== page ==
This could be You
9th graders taught valuable “Game of Life” lessons
The “Game of Life” became reality for 9th graders in Polk School District as they were guided through an interactive experience at Polk/Haralson Christian Life Center (Camp Antioch), located at 3900 Antioch Road, Cedartown.
Students were transported by bus to the site from 8 a.m. to 4 p.m. Wednesday, Nov. 4-5. They were given opportunity to learn how to face consequences of randomly selected lifestyle choices associated with risky youth behaviors in a safe and controlled environment. Individuals could examine the decisions they make in a hands-on, realistic and educational way.
More than 200 volun- teers helped each individual through a maze that presented different scenarios and related consequences. The goal of organizers was to increase each participant’s understanding of personal responsibility and the importance of making positive life choices.
During the 2015 Teen Maze, students were presented information by professionals on the subjects of tobacco, alcohol, drugs, sexual activity, pregnancy, child care, career selection and a job search, just to name a few.
Bernice Vasquez, program coordinator of Northwest Georgia Regional Cancer coalition, welcomed youth to a place of education about how decisions regarding tobacco and related products could become a health hazard.
“They could see how a teen choice can impact health and the fact that a life altering disease could be prevented,” she said.
One student reading material about cancer noted, “I won’t be smoking if this is what I could face.”
Jennifer Lipham and Catherine Casey, volunteers, showed Drew Spencer and Cameron Ingle, Rockmart High School, how to care for babies. The students seemed surprised when they learned the time and care involved in providing basic infant needs.
“This has been a learning experience for me,” Spencer said.
Meanwhile, other students were seeking information about college and what decisions they will make before and after graduation.
Makayla Wilson and Avery Hitchock talked with Tommy Baker, GED instructor at Georgia Northwestern Technical College, and Marquita Deorsey, GNTC Student Affairs Assistant.
Baker said it was his first time to take part in the annual Teen Maze and he hopes to be involved in the one next year. “I have seen genuine interest from students about their future educational choices,” he said.
Conversations were interrupted by sounds of anguish as a group of volunteers rushed from a mock experience (car crash with injuries) to an emergency room.
An adult was being held back from the active scene where a youth lay. Second year nursing students from Georgia Highland College asked the crowd to move back so they could try to save the accident victim.
The look on the faces of the students gave evidence they were caught up in the moment of learning and the fact this could happen to him or her if they were injured in a car crash.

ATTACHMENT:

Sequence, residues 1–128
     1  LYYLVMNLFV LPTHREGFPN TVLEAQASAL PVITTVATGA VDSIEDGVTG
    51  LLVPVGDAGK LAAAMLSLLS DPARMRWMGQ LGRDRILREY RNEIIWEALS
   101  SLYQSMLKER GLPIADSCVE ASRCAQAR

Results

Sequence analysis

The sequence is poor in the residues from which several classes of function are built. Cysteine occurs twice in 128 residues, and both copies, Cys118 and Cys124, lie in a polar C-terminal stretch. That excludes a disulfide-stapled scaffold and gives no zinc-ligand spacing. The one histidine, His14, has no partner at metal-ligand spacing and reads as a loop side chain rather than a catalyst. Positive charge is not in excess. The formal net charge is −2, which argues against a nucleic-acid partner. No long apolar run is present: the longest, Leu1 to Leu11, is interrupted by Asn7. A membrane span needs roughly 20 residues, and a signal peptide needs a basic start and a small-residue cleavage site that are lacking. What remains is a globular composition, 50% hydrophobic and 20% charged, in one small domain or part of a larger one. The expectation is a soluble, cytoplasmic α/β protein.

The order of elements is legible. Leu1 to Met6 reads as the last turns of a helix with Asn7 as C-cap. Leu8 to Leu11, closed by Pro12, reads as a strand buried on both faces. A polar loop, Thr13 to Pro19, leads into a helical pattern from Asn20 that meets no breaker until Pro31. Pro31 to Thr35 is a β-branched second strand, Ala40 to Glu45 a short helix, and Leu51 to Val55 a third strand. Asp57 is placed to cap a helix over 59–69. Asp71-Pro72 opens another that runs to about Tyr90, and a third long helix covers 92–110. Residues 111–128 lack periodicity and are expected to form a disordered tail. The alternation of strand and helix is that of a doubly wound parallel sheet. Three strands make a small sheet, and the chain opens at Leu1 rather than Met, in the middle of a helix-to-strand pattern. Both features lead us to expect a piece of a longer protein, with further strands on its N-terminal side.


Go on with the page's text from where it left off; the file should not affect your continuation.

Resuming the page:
“We want everyone to realize that an accident isn’t something that is only dramatized on a television show,” said one volunteer.
To assist with the reality were volunteers from Redmond: Marty Robinson, Frank Matthews, and Heather Penno.
Students were reminded that driving with any distraction could be deadly. Participants were encouraged to think about the people “you ride with . . . it could be your last one.”
Information provided revealed warning signs that peers could be using drugs: Not caring about appearance, dropping grades, missed classes, losing interest in favorite activities, different sleeping or eating habits, more problems with family and friends.
Each student com- pleting the 2015 Teen Maze was presented a diploma. When Greg Teems made the presentation to Canaan Smith, she smiled and said it was a great experience.
Polk Family Connection and collaborative partners presented the event.
Rhonda Heuer, Polk Family Connection, said the goal of the event is that the teens realize that decisions they make now could end up with them being parents, having a life-long STD, losing their life or being instrumental in someone else losing their life.
“Many negative experiences can be prevented by making wise choices,” she said.
Marty Robinson, Redmond, was a volunteer during the 2015 Teen Maze. He views vehicles damaged in a ‘crash scene’ designed to teach students the dangers of distractions like texting or talking on the phone while driving.
Nursing students from Georgia Highland College, volunteers, worked to save the life of a youth injured in a mock automobile accident.
Each student completing the 2015 Teen Maze was presented a diploma. Greg Teems made the presentation to Canaan Smith, who said the event was a great experience.